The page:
Not only is Ferrari struggling in Formula One , but Montezemelo has been butting heads lately with Fiat head Sergio Marchionne. Not only is Marchionne upset with the Formula One disappointment, but he and Montezemelo are at opposite ends of the scale when it comes to the future of Ferrari.

Currently Montezemelo has capped Ferrari’s sales at 7,000 cars per year to bolster and maintain the company’s elite status. Marchionne, on the other hand, wants Ferrari to expand, become even more profitable, and to donate technology and engineering to other brands in the Fiat family with the goal of creating more luxurious models across the range. Marchionne wants the new Fiat/Chrysler to become a true competitor to Volkswagen .

According to a report from Bloomberg, Montezemelo has been quoted as saying that “Ferrari is now American,” going so far as to call it “the end of an era.” I hope he is wrong.

This is most disappointing, as Montezemelo has an astonishing record at Ferrari. Since he took over, company revenue has climbed by 1,000 percent, yearly auto sales have tripled, and after years and years of F1 failure, the Ferrari team secured eight World Constructors’ Championships.

Marchionne is anything but an idiot, but I do feel worried for the Ferrari brand as a whole. Montezemelo has obviously had some incredible success in running this prestigious brand, and it is upsetting to see him so unceremoniously forced out of the company that he helped thrust into such incredible success.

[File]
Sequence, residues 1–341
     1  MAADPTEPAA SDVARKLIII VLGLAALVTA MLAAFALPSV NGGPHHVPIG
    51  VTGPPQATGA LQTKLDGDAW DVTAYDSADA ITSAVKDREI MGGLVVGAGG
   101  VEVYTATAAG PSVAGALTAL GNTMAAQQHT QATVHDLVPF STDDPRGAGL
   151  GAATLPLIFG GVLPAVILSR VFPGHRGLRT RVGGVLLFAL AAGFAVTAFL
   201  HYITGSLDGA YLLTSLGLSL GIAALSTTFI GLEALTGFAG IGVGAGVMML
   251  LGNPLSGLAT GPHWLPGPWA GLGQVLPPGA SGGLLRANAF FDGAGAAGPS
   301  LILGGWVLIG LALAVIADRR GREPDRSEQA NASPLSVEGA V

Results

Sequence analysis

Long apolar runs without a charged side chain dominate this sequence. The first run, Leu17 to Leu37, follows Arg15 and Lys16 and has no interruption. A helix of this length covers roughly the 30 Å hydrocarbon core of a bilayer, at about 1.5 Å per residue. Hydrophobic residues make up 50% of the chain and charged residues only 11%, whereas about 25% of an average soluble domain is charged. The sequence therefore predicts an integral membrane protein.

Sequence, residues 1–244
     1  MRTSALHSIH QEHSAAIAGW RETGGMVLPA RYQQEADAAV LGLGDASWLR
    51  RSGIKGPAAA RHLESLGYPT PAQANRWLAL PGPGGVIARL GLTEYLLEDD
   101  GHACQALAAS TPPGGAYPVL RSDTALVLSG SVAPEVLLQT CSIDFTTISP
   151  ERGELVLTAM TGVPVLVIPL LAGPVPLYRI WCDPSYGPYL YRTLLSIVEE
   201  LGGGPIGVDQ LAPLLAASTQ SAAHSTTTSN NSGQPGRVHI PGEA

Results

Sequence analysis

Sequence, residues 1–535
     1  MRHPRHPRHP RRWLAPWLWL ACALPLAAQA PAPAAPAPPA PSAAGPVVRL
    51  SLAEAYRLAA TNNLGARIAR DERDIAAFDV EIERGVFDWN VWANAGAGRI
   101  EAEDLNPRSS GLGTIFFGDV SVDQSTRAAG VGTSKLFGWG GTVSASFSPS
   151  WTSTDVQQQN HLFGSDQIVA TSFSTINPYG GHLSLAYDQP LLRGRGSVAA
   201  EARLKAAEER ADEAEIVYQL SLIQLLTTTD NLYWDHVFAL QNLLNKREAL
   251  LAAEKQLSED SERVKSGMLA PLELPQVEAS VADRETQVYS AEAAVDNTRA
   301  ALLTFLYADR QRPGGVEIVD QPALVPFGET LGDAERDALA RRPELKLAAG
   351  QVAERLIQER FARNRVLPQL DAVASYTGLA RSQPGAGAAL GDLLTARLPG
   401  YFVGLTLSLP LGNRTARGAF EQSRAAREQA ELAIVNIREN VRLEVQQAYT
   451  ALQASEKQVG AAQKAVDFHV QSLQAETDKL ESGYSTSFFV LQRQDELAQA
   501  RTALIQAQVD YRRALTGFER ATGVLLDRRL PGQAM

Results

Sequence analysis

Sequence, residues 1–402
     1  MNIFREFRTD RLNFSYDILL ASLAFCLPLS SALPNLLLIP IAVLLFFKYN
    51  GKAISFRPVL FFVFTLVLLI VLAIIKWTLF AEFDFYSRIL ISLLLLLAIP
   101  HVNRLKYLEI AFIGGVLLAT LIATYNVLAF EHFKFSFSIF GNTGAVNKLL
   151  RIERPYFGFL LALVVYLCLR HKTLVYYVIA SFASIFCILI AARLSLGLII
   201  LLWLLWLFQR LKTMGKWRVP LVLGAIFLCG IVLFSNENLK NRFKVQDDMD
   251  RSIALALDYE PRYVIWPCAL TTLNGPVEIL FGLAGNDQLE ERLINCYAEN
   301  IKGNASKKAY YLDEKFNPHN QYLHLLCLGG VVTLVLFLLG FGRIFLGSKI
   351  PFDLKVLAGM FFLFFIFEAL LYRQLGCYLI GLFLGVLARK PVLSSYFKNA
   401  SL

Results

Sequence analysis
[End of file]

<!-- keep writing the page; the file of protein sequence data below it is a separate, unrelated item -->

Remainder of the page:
Click past the jump to read more about Luca di Montezemolo’s collaboration with Ferrari.

British DJ and TV presenter Chris Evans (not to be confused with Captain America Chris Evans) recently dropped a staggering £2.27 million on one of the most famous Ferraris ever created, the 1971 Ferrari Daytona Spyder . Evans purchased the iconic Ferrari at Silverstone Auctions ’ Salon Prive sale in London late last week. What was initially thought of as just an appearance by the British celebrity quickly escalated into a frenzied bidding war for the extremely rare Ferrari Ferrari . In the end, Evans won the auction after agreeing to shell out £2.27 million for the Daytona Spyder, which converts to around $3.7 million as of 9/9/2014.

The amount the Daytona Spyder went for is thought to be a world record for the model, further highlighting how classic Ferraris have become incredible investments these days.

This particular Daytona Spyder also holds the unique distinction of being built by two of the most important Italian design houses: Pininfarina and Scaglietti. It also hasn’t spent a whole lot of time under the sun despite being more than 40 years old. According to Silverstone Auctions, the Daytona Spyder Evans scooped up for almost $4 million only has less than 4,000 miles on its odometer. It’s also been described as being in "concours condition," which pretty much translates into "as good as it gets."

Click past the jump to read more about the 1971 Ferrari Daytona Spyder.

Source: DailyMail